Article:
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Trees before humans: Bedouins in the Negev

By Silvia Boarini | The Palestine Monitor | October 26, 2011

When David Ben Gurion, from the southern Kibbutz of Sde Boker, declared: “It is in the Negev that the creativity and pioneer vigor of Israel shall be tested,” the first settlers rose to the challenge and a transfigured desert became a post-war reality.

Today, driving through southern Israel on the wide motorway that cuts through the barren landscape, what stands out is not the camels. It is the forests.

Out of nowhere, hundreds of trees planted thick—within straight, geometrical borders—come into view, only to be replaced by the dry and mono-color scenery moments later.

A forest in the desert is an awe-inspiring sight, but here it serves the same purpose–and has the same consequence–as an eight-meter high wall erected in the West Bank.

More and more, the Negev and other Palestinian sections of Israel seem to share a fate disturbingly similar to that of Area C in the West Bank.

Nearly twenty years ago, with the signing of the Oslo Accords I and II, the land in the West Bank was divided into three categories: Area A, B and C. Each category came with a varying degree of Palestinian autonomy from the Israeli occupation. Area A is nominally under full Palestinian Authority control and Area C is under full Israeli control, and represents 60% of the West Bank; Area B is somewhere in the middle. While the Accords intended for all of the land to eventually become Area A, it never did. Instead, Israel has made life in Area C and in some cases Area B nearly impossible, impelling many Palestinians to resettle in Areas A.

In the Negev, Israeli authorities have pushed Bedouins (Israeli citizens) off their ancestral land with the justification that they are squatting on state land.

The creation of Palestinian enclaves through means of forcible or coerced relocation—be it to Area A in the occupied Palestinian territories or Arab townships in Israel—appears to be Israel’s chosen means to appropriate land.

The JNF’s flagship program, “Blueprint Negev,” is—in their own words–“a major initiative to revitalize Israel’s southern region” by means of planting trees and settling half a million people.

Both the taming of the wild frontier and the creation of “man-made wilderness,” play into the pioneer narrative typical of settler societies the world over. The largest of which happens to be Israel’s biggest donor.

The JNF claims to have planted 240 million trees in the land of Israel over the past 107 years. Thousands of these trees have ended up on top of the ruins of Palestinian villages.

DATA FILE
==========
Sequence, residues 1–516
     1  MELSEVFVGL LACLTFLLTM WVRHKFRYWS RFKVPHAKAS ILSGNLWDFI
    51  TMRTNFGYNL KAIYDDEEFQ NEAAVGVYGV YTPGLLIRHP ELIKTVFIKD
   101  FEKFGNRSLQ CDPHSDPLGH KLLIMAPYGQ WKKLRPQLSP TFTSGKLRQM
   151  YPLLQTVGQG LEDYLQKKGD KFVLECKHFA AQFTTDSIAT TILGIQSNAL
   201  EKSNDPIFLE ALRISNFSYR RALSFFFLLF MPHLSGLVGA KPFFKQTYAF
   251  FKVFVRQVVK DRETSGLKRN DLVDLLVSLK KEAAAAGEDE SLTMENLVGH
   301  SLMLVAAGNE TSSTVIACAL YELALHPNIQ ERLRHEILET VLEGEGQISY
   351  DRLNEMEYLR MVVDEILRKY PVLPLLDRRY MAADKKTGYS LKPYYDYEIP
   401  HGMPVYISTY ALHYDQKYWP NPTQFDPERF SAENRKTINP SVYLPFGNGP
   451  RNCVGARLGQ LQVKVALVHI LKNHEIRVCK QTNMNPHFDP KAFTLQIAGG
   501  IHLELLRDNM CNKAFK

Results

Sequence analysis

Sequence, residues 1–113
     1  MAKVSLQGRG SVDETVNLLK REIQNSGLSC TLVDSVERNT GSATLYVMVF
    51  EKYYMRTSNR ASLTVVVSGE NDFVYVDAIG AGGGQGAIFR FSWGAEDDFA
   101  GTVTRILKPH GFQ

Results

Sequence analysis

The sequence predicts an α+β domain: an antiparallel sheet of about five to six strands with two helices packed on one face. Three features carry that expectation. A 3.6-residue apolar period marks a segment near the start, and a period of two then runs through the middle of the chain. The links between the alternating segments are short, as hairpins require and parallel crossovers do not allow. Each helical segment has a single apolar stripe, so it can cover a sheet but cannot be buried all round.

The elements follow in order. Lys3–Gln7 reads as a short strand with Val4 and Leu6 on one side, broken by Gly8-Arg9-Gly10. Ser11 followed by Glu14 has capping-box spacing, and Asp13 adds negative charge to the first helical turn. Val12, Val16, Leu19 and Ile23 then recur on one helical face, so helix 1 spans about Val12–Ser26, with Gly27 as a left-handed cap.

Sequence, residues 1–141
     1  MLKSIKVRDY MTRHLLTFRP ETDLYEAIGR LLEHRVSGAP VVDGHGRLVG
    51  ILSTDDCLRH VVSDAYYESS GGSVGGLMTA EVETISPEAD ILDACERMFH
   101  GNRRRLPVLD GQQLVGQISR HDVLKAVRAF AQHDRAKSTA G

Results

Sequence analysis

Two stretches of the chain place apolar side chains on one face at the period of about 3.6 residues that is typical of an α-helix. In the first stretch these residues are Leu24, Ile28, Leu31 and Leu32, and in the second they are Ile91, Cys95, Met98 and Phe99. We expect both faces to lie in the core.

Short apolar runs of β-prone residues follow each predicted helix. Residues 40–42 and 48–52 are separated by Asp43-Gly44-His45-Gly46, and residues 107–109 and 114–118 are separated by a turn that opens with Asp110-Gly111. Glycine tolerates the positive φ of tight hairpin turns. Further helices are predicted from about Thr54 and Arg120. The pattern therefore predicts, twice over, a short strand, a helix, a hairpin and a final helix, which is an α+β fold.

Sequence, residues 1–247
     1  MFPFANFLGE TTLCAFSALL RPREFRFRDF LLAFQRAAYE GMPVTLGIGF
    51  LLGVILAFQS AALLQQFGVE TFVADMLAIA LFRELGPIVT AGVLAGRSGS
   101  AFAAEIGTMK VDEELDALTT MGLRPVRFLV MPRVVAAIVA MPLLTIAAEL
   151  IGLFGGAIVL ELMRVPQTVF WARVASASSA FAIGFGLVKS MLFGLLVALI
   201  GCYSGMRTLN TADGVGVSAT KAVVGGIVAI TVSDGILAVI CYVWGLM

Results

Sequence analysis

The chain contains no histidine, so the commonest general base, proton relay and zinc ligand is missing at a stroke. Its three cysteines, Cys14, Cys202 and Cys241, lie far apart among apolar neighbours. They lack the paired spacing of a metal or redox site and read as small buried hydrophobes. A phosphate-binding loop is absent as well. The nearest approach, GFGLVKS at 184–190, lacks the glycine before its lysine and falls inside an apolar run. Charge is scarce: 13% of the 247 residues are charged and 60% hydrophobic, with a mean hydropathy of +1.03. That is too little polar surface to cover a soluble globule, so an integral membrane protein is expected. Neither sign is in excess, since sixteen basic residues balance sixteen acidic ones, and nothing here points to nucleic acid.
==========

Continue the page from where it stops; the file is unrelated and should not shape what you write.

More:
Israel’s New Historians, among them professor Ilan Pappe, call this erasure of any Palestinian life dating before 1948, a rewriting of Zionist history. This revision identifies the beginning of life in Israel as the arrival of the first Jewish settlers, who were helped by agencies like the JNF.

From forestation to human settlement in the Negev, the JNF focuses its donors’ attention on its eco-friendly credentials, so much so that today it actively promotes what it calls ‘Green Zionism’.

Instead of building checkpoints, the JNF builds a “green future.” Nevertheless, this future stems out of the destruction of Palestinian villages and generally directly benefits the Jewish section of Israel’s population.

The JNF owns 13% of the land in Israel. A small portion of this was acquired by the first settlers, but the majority consists of confiscated Palestinian land, sold to JNF by the Israeli government after the 1948 war.

Oren Yiftachel, professor of geopolitics at Ben Gurion University, likens the transferal of land from state to agency to “a black hole.” Once lands are confiscated from Arabs and passed on to a private agency they can never be recovered, he says.

In fact, as custodian of the lands of Israel, the JNF does not lease land to non-Jews. … Full article

The above is the second installment of a two-part series on al-Araqib and Israel’s dispossession of Bedouin land in the Negev. The first part can be read here.

October 27, 2011 - Posted by | Ethnic Cleansing | , ,

1 Comment

  1. A particularly ingenious touch is that the Zionists plant pines, which acidify the soil; over time, the ruins of the Palestinian villages will gradually disintegrate. Then no one will be able to prove that goyim had ever lived there, just as the fictional Zio narrative has always pretended.

    Comment by traducteur | July 1, 2015


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